GRANDVIEW - It makes perfect sense that Grandview VFW Post #6929 would adopt the National Guard 790th Company housed in Grandview. In the past, they've adopted troops from other companies, as well as the grandson of a Ladies Auxiliary member.
What makes this adoption different is the fact that the company is so big--there are nearly 200 soldiers that serve in the 790th.
The soldiers were celebrated with a big send-off last August at Grandview's Country Park Fairgrounds, prior to their training and ultimate deployment to Iraq.
Now that they're there, the Post has swung into action.
"We need to let them know they're not forgotten," says Grandview's Post Commander Mingo Ramirez. "They joined to serve the country and they're over there doing what they have to do. We more or less understand what they're going through."
A Vietnam veteran, Ramirez understands how support makes a difference--whether it's present or not.
"We didn't have any support ourselves and this is a good opportunity to support these people," he said, adding that it's not about supporting the war, it's about supporting the soldiers.
Ramirez noted that this is the first time the Post has taken on a support project where there's so many individuals to provide care packages for.
"Donation wise, it's a very big effort, from the Post level to the community level."
The various organizations within the Post (the Ladies Auxiliary, the Mens Auxiliary, the Am-Vets and Am-Vets Auxiliary) have all banded together to send holiday packages to all of the soldiers.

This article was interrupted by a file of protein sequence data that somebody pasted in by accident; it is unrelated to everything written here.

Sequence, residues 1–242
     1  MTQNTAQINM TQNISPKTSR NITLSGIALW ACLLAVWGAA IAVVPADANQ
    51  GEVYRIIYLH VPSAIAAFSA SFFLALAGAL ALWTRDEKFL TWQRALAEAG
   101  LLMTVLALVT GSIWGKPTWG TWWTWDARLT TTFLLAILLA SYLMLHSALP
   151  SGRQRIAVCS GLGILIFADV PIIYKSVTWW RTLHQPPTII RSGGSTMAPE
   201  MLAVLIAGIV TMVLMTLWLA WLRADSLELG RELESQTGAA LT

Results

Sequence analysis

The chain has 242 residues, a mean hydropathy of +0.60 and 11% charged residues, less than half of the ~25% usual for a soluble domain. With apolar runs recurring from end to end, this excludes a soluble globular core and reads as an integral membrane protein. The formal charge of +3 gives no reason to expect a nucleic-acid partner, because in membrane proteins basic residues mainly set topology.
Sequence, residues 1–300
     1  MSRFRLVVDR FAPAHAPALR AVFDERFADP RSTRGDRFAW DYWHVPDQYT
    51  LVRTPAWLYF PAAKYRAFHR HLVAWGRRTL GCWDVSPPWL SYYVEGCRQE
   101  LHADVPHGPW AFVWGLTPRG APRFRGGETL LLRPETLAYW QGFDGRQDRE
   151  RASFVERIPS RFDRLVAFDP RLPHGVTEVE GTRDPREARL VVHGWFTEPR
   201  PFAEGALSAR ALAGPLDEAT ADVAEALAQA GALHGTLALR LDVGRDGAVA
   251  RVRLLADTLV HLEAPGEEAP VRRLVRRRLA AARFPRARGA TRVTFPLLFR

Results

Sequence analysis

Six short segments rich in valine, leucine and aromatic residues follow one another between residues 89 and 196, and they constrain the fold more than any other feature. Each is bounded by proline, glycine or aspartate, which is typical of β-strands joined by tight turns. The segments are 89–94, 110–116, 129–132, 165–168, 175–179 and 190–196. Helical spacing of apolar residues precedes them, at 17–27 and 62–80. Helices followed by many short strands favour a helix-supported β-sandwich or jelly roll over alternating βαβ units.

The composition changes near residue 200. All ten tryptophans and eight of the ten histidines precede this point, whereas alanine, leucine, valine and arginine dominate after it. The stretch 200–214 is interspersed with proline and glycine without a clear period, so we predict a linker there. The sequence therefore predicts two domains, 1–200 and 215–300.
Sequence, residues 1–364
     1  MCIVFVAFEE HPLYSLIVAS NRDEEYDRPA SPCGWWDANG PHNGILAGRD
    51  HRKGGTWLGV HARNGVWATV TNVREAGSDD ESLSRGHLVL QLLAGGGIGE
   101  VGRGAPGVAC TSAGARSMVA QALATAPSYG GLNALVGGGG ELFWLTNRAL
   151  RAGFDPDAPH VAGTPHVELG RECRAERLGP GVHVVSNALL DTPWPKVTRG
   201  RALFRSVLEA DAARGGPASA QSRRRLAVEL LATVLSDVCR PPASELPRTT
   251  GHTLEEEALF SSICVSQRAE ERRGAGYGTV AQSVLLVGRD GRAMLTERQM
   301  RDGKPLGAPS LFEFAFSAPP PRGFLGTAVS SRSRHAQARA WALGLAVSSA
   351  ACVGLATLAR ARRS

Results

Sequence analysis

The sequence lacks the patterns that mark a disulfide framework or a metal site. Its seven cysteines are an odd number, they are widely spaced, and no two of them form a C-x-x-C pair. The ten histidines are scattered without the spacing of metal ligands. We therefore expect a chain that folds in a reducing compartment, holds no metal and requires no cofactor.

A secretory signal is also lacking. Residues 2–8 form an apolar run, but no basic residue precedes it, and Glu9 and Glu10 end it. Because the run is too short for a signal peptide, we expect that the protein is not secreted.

Recently, even kids whose parents are Post members jumped in to help. Young Alicia (9) and Patrick Galvan (14) and Rigo Pacheco rolled up their shirt sleeves and washed cars, raising $250 to be applied to postage. Pacheco's older brother is in Korea right now, waiting to be shipped to Iraq.
And they've had help from other Posts in the valley too. The Sunnyside and Prosser VFW's have pitched in to help.
What's on their wish list? According to Ladies Auxiliary Chaplain Louise Bianchi, the soldiers want lightweight Christmas decorations, gum, popcorn, chapstick, beef jerkey, hard candies and mints.
They'd also like posters to decorate their walls, as well as sheet music and paperback books.
"They also need flavoring for the water," said Bianchi, adding that the water tastes pretty bad over there.
Already, the Post has raised money to be used to buy what's needed, as well as pay for postage. The group is using the flat-rate boxes provided by the Post Office. The Wal-Mart Distribution Center donated $1,000 and members of the Ladies Auxiliary are planning a shopping trip this Sunday. Once they obtain the necessary items, they'll head back to the Post and start packing boxes.
This past Thursday, a small group was on hand to get some of the boxes packed. Although there were about 18 boxes, Bianchi said, "This is just a tip of the ice-berg."
This Saturday, which is Veterans Day, the Post is opening its doors to the community, so that individuals can come sign a table-runner style banner in support of the local soldiers. Bianchi said that wee-ones who can't yet write can leave their footprints or handprints on the banner. The banner will be tucked in with their care packages.
Said Post member and veteran Don Pierce, "We do stand behind every person that's in the service, regardless if it's Air Force, Army, etc. You name it, we support them. We love our troops.
"We all care for them and that's what counts."
Community members can sign the banner from noon until 8 p.m. on Saturday. Those who wish to donate any of the items the troops are asking for may do so at that time. Another option is to attend the Post's Veterans Day service at 6 p.m., with a potluck to follow, and sign the banner then.